Whether you’re going out to catch a flick or staying in and looking for something to screen, there are no shortage of options. Here's a weekly look at what’s worth your time.
On Screen (in theatres)
- Guardians of the Galaxy - It's a space opera on steroids with the strangest collection of heroes in the history of comic book blockbusters, but with James Gunn’s smirking direction the Guardians guarantee a great time. (review)
- A Most Wanted Man - Although it’s set in the post 9-11 era this is vintage John Le Carré – a withering look at the collateral damage from the war on terror anchored by an achingly human performance by Philip Seymour Hoffman. (review)
- Boyhood - Transcendent cinema, this is a movie as a mirror. The story of a boy and his family told over 12 years. Fiction that feels real, another remarkable collaboration with his actors by director Richard Linklater. (review)
- Snowpiercer - The most unusual sci-fi story of the year (not including Under the Skin) comes from a South Korean director and an international cast. The world is frozen. The survivors remain on a train where a final battle for equality begins. A cinematic vision propelled by endless gusto. (review)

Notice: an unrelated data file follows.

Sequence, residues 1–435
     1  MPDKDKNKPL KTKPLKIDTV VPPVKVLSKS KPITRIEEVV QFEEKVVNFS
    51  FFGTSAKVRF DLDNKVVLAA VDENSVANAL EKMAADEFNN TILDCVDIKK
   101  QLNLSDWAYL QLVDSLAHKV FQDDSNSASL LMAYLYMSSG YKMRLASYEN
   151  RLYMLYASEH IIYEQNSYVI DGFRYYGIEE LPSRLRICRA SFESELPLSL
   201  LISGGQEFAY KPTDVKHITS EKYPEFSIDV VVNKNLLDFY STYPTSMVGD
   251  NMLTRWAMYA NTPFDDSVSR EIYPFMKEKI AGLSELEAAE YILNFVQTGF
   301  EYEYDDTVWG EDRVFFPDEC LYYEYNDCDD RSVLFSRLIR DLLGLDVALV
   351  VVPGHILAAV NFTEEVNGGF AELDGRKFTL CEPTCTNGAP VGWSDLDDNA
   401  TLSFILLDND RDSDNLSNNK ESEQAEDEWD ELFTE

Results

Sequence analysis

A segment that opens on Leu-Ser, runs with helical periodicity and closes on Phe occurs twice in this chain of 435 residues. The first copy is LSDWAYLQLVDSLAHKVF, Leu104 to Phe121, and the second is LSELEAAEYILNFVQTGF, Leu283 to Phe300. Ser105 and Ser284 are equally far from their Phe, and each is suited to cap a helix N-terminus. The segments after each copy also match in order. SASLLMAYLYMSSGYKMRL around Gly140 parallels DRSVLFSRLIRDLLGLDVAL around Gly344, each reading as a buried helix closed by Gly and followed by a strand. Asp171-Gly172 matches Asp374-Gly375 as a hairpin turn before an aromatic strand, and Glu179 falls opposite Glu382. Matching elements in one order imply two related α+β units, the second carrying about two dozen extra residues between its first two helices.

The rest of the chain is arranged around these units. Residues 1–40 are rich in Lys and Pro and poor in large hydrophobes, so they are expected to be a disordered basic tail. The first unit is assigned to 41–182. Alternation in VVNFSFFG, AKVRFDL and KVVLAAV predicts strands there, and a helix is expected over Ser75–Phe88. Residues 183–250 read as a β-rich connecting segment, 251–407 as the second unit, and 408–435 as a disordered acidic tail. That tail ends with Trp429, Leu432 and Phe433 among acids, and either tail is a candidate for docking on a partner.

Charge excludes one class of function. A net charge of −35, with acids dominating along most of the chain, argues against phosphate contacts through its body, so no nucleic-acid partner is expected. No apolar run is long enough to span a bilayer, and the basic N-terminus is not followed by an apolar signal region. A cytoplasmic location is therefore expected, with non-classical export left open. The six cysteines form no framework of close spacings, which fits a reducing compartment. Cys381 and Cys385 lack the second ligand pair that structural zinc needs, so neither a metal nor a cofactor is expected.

- Dawn of the Planet of the Apes - Does intelligence corrupt or save? For a movie with roots in rubber gorilla suits the sequel to the Planet of the Apes reboot is surprisingly thought provoking. See why Andy Serkis deserves to be part of the Oscar conversation. (review)
At home on video, VOD or Netflix
- The Zero Theorem - Most fans of comedic visionary Terry Gilliam will need to venture to the video store to find his latest work. The Zero Theorem is a smaller personal film that feels like a colourful cousin of Brazil. It stars Christoph Waltz as Qohen, a cog in a giant machine searching for meaning in a world of endless media. Great turn by Lucas Hedges as Bob, the IT guy who helps bring Qohen's existential crisis back to reality.
- Grand Budapest Hotel - Speaking of distinctive directors, if ever there was a movie that deserved to be examined exhaustively it’s this candy-coloured treat from Wes Anderson. By setting the cartoonish chaos in a European country on the brink of war there’s much-needed gravity to the manic caper. (review)
- Blue Ruin - Take the typical Coen brothers crime story and pare it down to the bone and this is the result. Blue Ruin is a revenge story of devastating precision and a total lack of sentimentality – a shotgun blast that echoes.
- Rio 2 - Need an animated musical to erase the endless performances of Let it Go? Give this wacky pop-samba story a try. Need Kristin Chenoweth and Jemaine Clement trading verses in an epic rap opera battle? Yes, you do.